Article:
Iâ€™ve watched some coaches over the years set themselves up as authority figures. They arrived at the place of commanding their leaders what do to. They fell into the â€œyou must submit to meâ€ mentality. Such aberrant behavior places leaders under bondage rather than liberating them to serve. Coaching focuses on the latter.
How do you know if youâ€™ve been effective as a coach? The only way I know is to practice coaching and then evaluate whether or not youâ€™re meeting the needs of the leader. My advice is to step out and coach and then get feedback from those who you are coaching. Is the leader satisfied with your coaching? If so, green light. Youâ€™re on the right path. However, if months later, the leader is not getting his or her needs met, you might need to do some radical adjustments. How will you know? By asking the leader and getting feedback. Those who you are coaching are your best resources to determine if youâ€™re meeting needs or not. Through their feedback, you can began to shape your own coaching style.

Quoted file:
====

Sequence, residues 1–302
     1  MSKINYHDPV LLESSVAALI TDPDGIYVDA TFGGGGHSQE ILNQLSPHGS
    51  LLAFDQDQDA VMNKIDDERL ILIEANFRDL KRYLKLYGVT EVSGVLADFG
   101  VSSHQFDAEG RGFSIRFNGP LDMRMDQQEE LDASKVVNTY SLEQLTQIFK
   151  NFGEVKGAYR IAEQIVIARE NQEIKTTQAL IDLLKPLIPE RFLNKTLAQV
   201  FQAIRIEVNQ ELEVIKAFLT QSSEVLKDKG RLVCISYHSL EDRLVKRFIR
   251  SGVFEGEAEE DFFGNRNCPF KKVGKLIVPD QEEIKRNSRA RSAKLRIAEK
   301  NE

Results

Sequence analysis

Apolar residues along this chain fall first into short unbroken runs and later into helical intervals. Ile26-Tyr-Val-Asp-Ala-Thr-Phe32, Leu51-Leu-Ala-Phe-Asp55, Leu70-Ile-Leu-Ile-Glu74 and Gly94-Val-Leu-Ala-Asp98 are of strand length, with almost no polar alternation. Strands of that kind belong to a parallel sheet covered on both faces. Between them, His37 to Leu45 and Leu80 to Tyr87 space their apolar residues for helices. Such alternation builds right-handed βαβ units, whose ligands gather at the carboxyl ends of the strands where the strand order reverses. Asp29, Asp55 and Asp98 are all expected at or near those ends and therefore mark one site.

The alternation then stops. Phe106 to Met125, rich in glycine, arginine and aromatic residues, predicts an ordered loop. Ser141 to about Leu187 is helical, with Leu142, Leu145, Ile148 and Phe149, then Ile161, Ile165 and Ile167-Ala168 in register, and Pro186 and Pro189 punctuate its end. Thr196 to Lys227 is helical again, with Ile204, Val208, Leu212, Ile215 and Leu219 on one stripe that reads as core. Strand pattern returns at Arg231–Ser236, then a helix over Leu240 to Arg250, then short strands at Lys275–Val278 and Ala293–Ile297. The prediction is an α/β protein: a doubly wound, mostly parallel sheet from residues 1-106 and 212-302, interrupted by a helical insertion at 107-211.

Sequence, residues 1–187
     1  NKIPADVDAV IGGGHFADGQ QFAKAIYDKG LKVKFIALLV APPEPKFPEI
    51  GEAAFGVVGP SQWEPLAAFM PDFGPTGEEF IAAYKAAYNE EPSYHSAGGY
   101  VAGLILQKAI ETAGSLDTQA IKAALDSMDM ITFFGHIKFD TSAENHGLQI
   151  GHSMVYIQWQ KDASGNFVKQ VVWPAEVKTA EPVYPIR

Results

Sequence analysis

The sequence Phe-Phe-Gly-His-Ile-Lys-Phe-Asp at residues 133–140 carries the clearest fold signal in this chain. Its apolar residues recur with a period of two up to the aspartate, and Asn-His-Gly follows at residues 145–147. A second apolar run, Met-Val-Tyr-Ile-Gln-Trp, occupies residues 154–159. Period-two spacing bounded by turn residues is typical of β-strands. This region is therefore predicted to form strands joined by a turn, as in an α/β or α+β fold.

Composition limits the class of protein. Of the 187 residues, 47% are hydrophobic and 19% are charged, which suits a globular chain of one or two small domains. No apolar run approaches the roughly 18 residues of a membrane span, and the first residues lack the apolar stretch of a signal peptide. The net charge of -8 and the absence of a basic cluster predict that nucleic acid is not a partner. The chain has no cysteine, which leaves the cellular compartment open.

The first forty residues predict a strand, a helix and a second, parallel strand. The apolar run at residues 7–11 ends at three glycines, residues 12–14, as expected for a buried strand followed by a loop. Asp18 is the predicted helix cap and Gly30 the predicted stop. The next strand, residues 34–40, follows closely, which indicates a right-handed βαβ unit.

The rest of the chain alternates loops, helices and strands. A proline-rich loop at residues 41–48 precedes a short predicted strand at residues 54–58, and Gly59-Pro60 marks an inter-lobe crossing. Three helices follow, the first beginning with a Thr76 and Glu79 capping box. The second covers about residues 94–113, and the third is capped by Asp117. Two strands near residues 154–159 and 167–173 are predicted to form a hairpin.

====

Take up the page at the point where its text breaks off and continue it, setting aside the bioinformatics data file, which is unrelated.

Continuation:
I ask all the leaders I coach to give me an oral evaluation. In fact, I start out the coaching process by telling them that Iâ€™ll be asking them to evaluate my coaching. I find that all advice is helpful and makes me a better coachâ€”even when they say things I didnâ€™t necessarily want to hear. I want to know if Iâ€™m on the right path, so asking for advice is preferred to the silent, uncomfortable knowledge that something is wrong.
The difference between a good coach and a great coach is a listening, learning spirit and willingness to improve. Better coaches have learned from their experience and made mid-course corrections to better meet their target audience.
My new book Coach will come out on September 2007.
This part of the Advanced Training series that will train cell leaders to coach new leaders.